Dec 9, 2013 at 21:27
  • @peterph Have any distro/program tried to create cross-distro compatibility? The closest I can think of is packageKit.
    – hkk
    Jan 3, 2014 at 19:36
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They are all the same programs; it's just a matter of how they're packaged. The biggest reason is simply because you want to have the management of the packages centralized. Each distribution's package manager is not compatible with packages from a different distribution, so to brute force install a package from a different distribution (without converting it) you would have to have multiple package managers managing packages. This causes problems with each one being unaware of which packages the other might be managing. So, you will end up with a lot of conflicts between them.

On the note of using a package manager with LFS, there really isn't much stopping you from using apt, pacman, or yum on top of LFS. I wouldn't recommend it though. It could work if you were to try right now. You could compile Arch Linux's pacman, configure it to use Arch's repositories on top of an LFS system. There is a possibility that it could work if you provided everything in the "base" package. If it works now, there's no guarantee that it will continue to work in the future. You could end up with conflicting and incompatible libraries, major changes to how the filesystem is set up (like Arch's recent move from /var/run to /run). The package maintainers are expecting the system the packages are being installed on to be a certain way, so if you can guarantee that your LFS system will meet those expectations, it should work. It would require a lot of maintenance on your part though.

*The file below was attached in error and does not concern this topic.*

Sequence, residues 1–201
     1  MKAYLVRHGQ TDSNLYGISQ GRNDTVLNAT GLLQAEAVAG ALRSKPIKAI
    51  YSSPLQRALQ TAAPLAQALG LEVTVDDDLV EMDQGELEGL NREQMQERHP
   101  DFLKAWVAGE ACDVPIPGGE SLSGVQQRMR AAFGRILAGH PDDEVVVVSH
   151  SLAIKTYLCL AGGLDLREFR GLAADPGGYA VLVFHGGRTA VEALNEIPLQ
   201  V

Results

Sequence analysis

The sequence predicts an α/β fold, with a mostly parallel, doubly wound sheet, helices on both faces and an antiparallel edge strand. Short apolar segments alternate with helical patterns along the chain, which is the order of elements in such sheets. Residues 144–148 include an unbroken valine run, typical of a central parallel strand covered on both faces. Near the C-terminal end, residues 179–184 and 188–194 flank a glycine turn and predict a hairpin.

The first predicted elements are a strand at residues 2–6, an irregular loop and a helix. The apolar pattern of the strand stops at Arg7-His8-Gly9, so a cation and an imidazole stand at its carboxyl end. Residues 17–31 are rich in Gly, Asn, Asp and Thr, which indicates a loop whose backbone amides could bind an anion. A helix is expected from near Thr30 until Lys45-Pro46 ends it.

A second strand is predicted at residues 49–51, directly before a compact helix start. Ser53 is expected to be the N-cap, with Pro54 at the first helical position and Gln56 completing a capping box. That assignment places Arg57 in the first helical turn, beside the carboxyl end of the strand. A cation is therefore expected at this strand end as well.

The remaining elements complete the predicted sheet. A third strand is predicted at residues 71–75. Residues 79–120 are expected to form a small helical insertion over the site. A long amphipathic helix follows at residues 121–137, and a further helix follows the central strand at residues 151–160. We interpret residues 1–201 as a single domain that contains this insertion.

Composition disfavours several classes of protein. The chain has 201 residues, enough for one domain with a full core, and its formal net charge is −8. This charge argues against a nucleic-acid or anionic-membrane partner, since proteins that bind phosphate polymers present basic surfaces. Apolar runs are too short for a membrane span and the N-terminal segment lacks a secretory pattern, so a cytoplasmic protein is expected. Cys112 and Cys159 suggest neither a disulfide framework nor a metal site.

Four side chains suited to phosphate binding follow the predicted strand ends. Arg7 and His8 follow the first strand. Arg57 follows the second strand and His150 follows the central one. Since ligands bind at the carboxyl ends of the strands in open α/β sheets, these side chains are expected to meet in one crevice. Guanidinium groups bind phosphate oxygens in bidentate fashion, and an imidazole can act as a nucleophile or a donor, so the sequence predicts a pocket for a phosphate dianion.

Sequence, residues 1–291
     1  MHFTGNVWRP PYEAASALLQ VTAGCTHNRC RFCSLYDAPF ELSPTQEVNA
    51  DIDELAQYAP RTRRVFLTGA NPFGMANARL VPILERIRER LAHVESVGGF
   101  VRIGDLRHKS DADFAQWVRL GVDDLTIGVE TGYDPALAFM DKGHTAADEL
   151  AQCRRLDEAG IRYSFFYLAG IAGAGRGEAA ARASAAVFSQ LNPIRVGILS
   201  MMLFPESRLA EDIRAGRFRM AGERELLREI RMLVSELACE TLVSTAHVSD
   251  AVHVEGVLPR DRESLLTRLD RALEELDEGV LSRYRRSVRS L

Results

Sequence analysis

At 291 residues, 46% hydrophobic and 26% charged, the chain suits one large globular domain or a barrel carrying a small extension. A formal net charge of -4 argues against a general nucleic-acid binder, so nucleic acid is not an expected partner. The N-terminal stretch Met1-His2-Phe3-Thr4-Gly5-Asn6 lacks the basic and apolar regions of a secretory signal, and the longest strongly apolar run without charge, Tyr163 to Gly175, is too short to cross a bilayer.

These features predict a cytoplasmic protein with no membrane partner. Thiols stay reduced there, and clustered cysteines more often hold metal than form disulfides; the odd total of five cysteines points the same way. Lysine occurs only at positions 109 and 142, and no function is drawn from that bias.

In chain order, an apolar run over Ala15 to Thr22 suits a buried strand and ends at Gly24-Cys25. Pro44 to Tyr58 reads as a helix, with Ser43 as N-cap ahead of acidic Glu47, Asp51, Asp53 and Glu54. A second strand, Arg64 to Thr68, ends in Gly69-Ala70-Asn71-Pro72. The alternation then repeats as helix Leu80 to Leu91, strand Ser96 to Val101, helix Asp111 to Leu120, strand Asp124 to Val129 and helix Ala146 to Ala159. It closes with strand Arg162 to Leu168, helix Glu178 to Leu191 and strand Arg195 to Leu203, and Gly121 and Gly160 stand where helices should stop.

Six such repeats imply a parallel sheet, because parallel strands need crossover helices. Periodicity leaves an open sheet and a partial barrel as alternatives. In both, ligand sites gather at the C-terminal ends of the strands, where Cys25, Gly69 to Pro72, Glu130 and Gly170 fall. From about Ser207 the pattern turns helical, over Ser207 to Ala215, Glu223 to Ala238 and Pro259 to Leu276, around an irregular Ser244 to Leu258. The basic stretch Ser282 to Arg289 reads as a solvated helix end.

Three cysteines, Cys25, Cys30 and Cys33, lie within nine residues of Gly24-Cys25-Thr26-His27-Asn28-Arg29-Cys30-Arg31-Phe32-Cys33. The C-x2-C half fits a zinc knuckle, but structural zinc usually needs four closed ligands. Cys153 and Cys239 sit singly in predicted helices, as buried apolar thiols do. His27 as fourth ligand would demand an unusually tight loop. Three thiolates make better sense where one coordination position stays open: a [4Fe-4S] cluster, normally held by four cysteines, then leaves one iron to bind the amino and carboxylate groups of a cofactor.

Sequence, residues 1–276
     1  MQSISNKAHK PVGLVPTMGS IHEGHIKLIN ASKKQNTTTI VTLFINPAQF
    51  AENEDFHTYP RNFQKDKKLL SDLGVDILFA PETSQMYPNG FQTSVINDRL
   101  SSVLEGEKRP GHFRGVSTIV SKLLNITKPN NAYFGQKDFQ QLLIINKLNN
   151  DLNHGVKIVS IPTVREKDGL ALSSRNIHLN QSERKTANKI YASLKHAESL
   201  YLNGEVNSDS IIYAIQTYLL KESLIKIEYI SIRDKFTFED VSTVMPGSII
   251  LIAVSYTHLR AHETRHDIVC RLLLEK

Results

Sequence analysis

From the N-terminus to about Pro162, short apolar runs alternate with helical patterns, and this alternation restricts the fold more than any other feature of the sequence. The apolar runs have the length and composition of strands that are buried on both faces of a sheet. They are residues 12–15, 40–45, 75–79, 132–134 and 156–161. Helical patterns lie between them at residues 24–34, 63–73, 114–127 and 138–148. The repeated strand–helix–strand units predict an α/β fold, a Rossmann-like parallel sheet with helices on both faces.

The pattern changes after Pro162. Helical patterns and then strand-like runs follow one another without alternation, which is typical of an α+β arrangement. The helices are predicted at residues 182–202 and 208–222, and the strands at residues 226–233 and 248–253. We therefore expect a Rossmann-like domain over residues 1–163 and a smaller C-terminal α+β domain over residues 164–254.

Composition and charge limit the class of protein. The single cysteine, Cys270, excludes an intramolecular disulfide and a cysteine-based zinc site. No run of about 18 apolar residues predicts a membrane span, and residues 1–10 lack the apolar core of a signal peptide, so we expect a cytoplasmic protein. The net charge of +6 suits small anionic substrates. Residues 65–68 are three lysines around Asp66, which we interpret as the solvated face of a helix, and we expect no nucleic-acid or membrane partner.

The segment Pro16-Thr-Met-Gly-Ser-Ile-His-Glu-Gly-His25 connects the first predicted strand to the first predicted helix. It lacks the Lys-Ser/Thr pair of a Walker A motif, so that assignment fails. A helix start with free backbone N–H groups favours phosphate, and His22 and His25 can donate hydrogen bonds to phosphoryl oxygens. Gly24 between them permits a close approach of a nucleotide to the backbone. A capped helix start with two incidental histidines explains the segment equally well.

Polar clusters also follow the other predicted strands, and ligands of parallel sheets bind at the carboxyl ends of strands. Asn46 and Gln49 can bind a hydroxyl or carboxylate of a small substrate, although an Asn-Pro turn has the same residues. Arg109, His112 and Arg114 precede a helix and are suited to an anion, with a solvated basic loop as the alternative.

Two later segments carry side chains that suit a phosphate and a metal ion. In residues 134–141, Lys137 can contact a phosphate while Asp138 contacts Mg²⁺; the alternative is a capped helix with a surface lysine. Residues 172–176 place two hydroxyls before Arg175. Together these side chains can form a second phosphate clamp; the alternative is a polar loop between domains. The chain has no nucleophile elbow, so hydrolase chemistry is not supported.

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Just to add some small points to peterph's answer

Here I illustrate with a minimal C example how trying to run a program against a library it wasn't compiled against can fail (or not): https://stackoverflow.com/questions/2171177/what-is-an-application-binary-interface-abi/54967743#54967743

The consequence of this is that the only way to ship a reliable cross distro binary is to ship all its library dependencies with it, which is what formats such as snap, flatpak, etc. do. The result is a much larger software package than a distro-specific build, which can rely on native .so dependencies, but it is the only alternative to having distro-specific releases.

Peter does however mention one more issue in passing: you cannot ship multiple versions of certain system components easily like you can ship .so shared libraries. The X server is an example, but perhaps the kernel itself is the most fundamental one.

These are typically runtime components that are running at all times waiting for user input to respond to (server like), and which distros normally only support one of at a time. If an incompatibly with those comes up in those, then it becomes a question of how much you need to visualize to get your software running properly. The extreme case would be "you have to run a full virtual machine like QEMU", but the more you virtualize, the slower things get, so there's a tradeoff.